FTC staff opposes Virginia hospital systems’ cooperative agreement

The Southwest Virginia Health Authority and State Health Commissioner should deny a cooperative agreement application submitted by Mountain States Health Alliance and Wellmont Health System, according to comments submitted by staff of the FTC Bureau of Competition, Bureau of Economics, and Office of Policy Planning.

Mountain States and Wellmont are the two largest hospital systems in the border area of Southwest Virginia and Northeast Tennessee, and they are the only two full-service hospital systems serving the vast majority of patients living in this area, according to the FTC staff’s comments. Together, the hospitals would purportedly hold a near-monopoly over inpatient services in the area and have significant shares in several outpatient services and physician specialty service lines.

Consequently, the FTC staff—after a year-long assessment of the proposed merger—concluded that the proposed deal “presents substantial risk of serious competitive and consumer harm in the form of higher healthcare costs, lower quality, reduced innovation, and reduced access to care.”

The hospitals proposed several commitments they claimed would control and mitigate any anticompetitive effects, including price commitments. However, these commitments would be insufficient and unlikely to mitigate the anticompetitive effects, according to testimony presented by Mark Seidman, FTC Deputy Assistant Director for the Mergers IV Division.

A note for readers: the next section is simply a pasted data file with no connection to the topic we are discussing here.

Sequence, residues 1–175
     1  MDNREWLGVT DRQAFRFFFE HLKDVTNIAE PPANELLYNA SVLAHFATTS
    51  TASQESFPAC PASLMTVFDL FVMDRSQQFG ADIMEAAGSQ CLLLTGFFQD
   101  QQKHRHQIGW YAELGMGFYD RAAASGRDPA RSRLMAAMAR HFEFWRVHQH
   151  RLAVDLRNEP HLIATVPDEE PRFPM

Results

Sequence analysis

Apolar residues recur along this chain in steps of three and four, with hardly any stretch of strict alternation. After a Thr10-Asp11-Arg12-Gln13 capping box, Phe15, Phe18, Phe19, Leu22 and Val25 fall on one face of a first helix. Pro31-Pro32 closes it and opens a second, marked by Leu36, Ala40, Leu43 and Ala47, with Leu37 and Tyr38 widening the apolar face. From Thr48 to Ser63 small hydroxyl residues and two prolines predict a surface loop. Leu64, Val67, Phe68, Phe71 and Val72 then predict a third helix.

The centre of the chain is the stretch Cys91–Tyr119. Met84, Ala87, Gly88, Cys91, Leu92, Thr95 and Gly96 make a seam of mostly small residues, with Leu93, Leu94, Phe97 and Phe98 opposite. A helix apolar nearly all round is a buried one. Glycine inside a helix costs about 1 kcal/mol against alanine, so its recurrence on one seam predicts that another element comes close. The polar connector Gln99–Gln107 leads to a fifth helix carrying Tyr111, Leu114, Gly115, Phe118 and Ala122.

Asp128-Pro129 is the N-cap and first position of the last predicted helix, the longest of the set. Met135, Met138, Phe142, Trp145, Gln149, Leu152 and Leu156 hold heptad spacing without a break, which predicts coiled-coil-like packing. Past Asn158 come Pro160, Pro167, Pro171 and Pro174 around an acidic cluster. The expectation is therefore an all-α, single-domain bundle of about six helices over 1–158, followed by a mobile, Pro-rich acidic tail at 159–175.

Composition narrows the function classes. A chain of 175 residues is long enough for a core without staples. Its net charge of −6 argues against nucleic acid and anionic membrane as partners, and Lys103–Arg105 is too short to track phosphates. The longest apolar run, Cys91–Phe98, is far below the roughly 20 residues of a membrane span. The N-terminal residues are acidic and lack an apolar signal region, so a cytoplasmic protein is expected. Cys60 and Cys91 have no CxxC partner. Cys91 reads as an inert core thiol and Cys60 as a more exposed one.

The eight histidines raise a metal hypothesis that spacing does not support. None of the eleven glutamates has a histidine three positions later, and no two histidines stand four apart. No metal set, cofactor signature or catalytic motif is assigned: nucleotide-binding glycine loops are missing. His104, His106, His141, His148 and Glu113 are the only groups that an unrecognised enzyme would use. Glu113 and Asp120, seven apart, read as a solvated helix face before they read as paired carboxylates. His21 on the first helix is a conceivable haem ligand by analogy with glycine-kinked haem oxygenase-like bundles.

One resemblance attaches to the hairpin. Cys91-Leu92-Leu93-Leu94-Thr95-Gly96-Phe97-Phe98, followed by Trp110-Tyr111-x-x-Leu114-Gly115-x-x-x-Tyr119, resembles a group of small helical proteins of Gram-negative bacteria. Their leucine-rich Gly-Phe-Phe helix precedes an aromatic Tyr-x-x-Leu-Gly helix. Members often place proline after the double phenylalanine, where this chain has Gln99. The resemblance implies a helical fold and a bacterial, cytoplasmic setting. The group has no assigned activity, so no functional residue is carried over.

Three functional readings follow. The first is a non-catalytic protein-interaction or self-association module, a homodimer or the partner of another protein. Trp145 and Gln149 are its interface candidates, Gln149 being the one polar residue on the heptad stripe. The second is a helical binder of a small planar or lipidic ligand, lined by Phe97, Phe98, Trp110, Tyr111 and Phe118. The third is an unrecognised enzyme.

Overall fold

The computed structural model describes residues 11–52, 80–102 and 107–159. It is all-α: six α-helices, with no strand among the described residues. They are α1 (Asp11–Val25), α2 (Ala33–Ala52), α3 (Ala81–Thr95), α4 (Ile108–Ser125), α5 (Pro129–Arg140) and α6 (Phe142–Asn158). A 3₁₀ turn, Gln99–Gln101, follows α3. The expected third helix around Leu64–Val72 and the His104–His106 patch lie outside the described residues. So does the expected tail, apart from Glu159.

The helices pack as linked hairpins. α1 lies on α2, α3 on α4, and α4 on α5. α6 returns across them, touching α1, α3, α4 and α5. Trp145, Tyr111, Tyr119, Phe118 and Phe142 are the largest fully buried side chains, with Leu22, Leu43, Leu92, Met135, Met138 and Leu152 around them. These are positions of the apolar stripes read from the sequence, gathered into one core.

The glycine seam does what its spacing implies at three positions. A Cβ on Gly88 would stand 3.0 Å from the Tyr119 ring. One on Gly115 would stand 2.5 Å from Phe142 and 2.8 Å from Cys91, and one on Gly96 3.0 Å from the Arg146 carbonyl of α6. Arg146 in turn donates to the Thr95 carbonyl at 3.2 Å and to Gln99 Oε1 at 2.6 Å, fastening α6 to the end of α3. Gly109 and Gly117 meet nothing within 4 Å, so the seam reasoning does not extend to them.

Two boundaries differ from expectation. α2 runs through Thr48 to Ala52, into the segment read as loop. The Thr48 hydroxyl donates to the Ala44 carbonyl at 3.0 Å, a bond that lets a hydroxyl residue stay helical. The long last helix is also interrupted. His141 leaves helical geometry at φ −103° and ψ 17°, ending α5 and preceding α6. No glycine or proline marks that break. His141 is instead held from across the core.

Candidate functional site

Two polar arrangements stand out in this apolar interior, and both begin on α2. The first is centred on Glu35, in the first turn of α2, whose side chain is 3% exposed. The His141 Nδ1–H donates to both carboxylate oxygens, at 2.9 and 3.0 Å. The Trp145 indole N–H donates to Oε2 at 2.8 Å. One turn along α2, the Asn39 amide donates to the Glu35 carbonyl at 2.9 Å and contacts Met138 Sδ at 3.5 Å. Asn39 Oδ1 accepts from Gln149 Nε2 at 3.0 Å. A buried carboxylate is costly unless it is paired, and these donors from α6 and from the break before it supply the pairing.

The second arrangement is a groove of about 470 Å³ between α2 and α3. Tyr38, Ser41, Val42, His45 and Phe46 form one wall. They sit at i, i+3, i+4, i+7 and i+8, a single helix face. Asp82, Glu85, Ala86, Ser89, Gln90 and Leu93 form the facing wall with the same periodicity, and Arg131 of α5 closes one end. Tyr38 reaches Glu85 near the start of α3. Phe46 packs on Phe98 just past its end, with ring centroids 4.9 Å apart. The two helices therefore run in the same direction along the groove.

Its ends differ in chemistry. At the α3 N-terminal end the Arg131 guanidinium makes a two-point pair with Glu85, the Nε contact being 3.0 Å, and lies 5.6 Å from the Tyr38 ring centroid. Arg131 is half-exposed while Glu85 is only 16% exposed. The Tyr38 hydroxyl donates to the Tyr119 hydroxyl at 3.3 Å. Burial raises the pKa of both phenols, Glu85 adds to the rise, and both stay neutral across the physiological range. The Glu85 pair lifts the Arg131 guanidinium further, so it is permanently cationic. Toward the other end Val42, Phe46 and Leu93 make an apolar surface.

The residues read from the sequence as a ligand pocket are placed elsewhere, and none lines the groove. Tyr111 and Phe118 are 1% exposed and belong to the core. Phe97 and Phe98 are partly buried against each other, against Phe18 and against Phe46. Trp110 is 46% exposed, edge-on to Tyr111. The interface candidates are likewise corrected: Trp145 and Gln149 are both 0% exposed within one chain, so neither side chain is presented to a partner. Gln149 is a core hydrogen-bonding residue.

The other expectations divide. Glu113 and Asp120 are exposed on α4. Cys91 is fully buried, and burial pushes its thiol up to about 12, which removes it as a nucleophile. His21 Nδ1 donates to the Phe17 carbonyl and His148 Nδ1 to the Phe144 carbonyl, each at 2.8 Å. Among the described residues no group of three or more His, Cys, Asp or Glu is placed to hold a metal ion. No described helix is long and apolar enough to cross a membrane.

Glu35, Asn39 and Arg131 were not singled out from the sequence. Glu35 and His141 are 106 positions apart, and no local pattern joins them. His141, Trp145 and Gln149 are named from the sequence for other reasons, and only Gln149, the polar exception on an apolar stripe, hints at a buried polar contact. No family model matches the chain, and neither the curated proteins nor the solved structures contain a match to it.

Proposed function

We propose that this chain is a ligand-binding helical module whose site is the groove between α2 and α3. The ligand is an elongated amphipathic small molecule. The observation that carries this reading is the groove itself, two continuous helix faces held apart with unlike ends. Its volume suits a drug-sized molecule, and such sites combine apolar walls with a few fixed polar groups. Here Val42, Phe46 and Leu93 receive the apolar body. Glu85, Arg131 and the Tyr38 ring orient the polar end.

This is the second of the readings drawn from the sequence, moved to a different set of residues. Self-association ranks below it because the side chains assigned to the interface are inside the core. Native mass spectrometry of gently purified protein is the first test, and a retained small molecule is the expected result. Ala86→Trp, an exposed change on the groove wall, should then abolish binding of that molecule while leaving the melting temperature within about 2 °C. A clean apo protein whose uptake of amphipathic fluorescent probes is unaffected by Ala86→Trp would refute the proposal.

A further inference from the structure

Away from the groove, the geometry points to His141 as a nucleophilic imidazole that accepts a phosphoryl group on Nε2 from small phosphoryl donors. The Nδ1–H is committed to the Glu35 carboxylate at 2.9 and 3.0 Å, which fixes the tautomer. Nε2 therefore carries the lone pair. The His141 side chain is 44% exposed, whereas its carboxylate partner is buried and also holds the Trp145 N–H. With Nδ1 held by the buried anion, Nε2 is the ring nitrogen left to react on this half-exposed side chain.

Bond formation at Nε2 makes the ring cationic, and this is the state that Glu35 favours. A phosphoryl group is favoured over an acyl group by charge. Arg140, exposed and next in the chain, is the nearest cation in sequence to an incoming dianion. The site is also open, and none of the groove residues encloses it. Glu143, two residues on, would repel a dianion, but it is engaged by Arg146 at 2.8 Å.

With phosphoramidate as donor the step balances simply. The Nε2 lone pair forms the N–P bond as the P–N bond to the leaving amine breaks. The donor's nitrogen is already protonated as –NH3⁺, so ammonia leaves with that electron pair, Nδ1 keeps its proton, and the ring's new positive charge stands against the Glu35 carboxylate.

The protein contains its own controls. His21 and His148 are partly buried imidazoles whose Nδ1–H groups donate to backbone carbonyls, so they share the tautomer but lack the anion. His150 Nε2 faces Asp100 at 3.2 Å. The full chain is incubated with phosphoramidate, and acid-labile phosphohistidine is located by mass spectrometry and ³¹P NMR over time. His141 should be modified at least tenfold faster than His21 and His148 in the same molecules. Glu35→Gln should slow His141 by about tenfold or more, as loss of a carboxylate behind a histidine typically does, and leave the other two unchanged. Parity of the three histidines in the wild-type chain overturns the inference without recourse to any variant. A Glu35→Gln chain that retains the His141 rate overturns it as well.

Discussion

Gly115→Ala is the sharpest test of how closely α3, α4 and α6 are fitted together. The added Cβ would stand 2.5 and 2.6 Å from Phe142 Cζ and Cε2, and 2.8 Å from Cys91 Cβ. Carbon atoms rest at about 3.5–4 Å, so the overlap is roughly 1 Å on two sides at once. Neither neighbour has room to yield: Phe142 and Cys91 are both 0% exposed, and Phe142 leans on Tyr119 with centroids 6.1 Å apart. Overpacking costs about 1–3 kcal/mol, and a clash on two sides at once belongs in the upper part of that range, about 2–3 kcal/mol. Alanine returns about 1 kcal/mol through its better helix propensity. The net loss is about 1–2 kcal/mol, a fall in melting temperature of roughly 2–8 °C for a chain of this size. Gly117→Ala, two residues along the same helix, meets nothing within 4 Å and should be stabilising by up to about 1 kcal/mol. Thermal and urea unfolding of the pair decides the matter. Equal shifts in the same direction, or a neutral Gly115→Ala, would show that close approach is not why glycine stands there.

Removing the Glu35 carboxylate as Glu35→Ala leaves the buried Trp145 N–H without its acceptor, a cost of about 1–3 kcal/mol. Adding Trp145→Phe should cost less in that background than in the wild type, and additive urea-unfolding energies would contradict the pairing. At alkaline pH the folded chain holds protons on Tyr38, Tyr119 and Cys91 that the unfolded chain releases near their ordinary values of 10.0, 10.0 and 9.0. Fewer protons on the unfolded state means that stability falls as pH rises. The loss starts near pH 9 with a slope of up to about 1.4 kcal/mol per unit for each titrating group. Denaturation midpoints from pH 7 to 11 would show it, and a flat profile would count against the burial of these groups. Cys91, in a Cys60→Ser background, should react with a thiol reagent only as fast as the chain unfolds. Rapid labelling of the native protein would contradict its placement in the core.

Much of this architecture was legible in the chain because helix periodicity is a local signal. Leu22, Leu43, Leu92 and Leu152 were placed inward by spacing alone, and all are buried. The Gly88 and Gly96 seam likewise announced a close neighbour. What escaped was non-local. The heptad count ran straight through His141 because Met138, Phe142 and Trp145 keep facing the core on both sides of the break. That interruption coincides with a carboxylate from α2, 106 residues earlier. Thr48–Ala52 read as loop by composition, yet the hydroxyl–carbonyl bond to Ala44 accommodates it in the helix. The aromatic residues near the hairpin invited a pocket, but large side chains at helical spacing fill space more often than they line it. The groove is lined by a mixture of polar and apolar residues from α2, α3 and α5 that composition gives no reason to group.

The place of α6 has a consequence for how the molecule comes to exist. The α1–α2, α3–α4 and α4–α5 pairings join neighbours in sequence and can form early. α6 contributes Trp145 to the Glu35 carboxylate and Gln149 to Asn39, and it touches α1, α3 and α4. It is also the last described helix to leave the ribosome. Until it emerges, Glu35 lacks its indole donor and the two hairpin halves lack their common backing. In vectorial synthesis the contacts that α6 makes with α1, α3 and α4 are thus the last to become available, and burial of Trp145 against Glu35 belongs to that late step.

“[T]he price commitments described in the application are ambiguous and appear to leave the hospitals with the opportunity and incentive to obtain higher prices from health insurers,” Seidman stated. “And even if prices were successfully constrained, it would do nothing to prevent harm to quality of care, and in fact would make that harm more likely.”

It also was noted that “once a merger is consummated—whether under a cooperative agreement or otherwise—it is extremely difficult to unwind.” Consequently, approving the cooperative agreement would risk that the deal would become permanent, especially because the plan of separation submitted by the hospitals did little to alleviate the significant challenges of “unscrambling the eggs,” following the merger.